As creators (or marketers), our role is to tell a story. Quite often, we make the “hero” of the story the focus of our time and our attention. If our customer is the hero, we talk about him or her. If we make our company the hero, we try to personify that experience that makes it worth it. If we write about ourselves, that’s probably the easiest kind of hero to write about.
What we miss, most times, is the importance of setting.
The Setting For Your Story
Spider-man swings from building to building in New York City. Can you imagine what it would be like to fire those web shooters and try to swing around in Billings, Montana? Hint: there aren’t enough skyscrapers to make it easy for Spidey to chase after the bad guys. Tarzan either gets to hang out in the jungle or the big city, depending on the telling of the story. He rarely hangs out in Pittsfield, Maine. Settings, as it turns out, are every bit as important to what we feel about characters and the plot as anything else in the story.
What does this have to do with marketing and business? Everything. If you think for a moment that your business exists without some kind of setting, even if it’s an online-only virtual business, then you’re missing a very important element to how you tell the story of your business to buyers and other important people. When we listen to a story (or watch it, or retell it), the setting is just as communicated as the characters in the transmission.
What is AJ Bombers if it’s not the local area place to gather and have fun with a side of burgers? Owner Joe Sorge just proved that you can have more than one AJ Bombers and still deliver that destination effect of fun, but he did it by making the setting of the restaurant be every bit as well-considered as the grass-fed beef he chooses for his burgers.
What are the Elements of Your Setting?
In a western movie, you know there will be gunfights. You know there will be wrongs that need righting. You know there will be a setting pairing off law enforcement with someone who feels they are above the law. Those are the promises of a western’s setting.
If I were restoring a classic old hotel in Tallahassee, Florida, and turning it into a destination boutique hotel, with a happening rooftop bar and an award-winning steak restaurant, I would do a few things to make this story sing. One, I would cast the guest as the hero of the story. No one comes to a hotel to meet the owner. It’s not the same as a restaurant. Two, I would tell the story from the front desk, through the lobby, into the elevator, down the halls, and all the way into the room, such that my guests understood what the “promise” of this setting would be.
Beyond the promise, there’s interaction. At AJ Bombers, I interact with their p-nut bombs: metal bomb-shaped containers that travel on rails from the bar to various tables, “bombing” guests with peanuts. The whole thing is absurd, kid-approved, and unique. Settings have interaction.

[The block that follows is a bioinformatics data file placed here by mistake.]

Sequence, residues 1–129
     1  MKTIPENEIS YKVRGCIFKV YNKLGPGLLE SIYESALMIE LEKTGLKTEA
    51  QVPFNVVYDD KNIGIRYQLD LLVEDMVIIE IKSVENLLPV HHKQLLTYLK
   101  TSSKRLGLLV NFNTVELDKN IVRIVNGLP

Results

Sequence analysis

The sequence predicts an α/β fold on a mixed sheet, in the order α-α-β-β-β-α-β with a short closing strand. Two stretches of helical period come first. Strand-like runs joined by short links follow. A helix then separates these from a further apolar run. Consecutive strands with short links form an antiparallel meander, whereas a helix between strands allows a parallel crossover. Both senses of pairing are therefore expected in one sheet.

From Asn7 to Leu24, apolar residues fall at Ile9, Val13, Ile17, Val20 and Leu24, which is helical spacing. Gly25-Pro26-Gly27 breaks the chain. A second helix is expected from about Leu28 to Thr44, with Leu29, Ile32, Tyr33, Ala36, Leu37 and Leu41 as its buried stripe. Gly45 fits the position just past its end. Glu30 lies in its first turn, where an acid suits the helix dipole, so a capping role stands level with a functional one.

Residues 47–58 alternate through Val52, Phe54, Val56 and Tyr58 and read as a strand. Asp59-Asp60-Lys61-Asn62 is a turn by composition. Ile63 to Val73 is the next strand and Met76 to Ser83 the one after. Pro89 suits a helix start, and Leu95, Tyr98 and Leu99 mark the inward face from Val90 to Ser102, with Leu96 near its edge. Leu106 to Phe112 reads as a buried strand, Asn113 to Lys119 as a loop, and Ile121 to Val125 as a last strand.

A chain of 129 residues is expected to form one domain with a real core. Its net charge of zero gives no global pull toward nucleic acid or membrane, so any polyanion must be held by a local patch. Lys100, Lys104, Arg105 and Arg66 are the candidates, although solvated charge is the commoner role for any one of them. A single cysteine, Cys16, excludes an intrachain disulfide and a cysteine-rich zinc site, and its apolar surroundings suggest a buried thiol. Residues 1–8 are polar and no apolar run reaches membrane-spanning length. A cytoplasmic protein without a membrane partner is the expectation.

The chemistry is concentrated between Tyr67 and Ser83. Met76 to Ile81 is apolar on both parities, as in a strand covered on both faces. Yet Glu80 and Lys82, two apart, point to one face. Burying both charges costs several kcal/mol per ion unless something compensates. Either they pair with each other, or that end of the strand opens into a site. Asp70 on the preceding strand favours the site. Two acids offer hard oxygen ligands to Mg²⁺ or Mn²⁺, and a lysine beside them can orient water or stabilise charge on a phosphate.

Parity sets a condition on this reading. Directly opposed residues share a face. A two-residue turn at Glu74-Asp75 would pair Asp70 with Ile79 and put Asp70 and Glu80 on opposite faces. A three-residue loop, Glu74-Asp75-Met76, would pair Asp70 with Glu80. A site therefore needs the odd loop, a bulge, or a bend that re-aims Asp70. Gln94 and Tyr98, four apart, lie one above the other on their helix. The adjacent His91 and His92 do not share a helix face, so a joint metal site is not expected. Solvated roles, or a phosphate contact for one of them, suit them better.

After promise and interactive elements, there’s the ways in which the setting helps or hinders the hero. In my hotel example, perhaps the setting helps me feel more metropolitan. In the western, the creek might rise and cut off Mother McCluskey’s farm, requiring me to ride out with my men to get her to safety (thus, a hinderance).
But Why Think About All This When Thinking About Business?
Because we humans build this in, whether or not you supply it. What is the iPod? It’s the opportunity to be the salvation DJ at some party, where you bring your tunes to help fix the setting of a sleepy party about to fail. That’s the story we might consider, whether or not we do it consciously. What is the setting for the car you drive? If you’re a Prius owner, you’ve set yourself as a hero who saves the planet and a few bucks at the same time, and so the setting of your vehicle travels through is a world seeking answers about making the world better. As a Camaro driver, my setting is the unintentional race course.
I’m saying that we all fill in the gaps in a setting, whether or not you’ve considered them to be part of your business. If you’re a PR company in Des Moines, how do you tell the story to your buyers such that it incorporates your locale? Maybe you do it by talking about how important community development opportunities are for your business. Maybe if you’re a business technology firm in Tallahassee, you talk about being situated deep in the heart of the growing Midtown area, which is cutting edge and trendy.
What About You?
How do you view setting? What does it mean for your business? How does it impact what you do or say about your company or yourself? And how replaceable is setting to your story?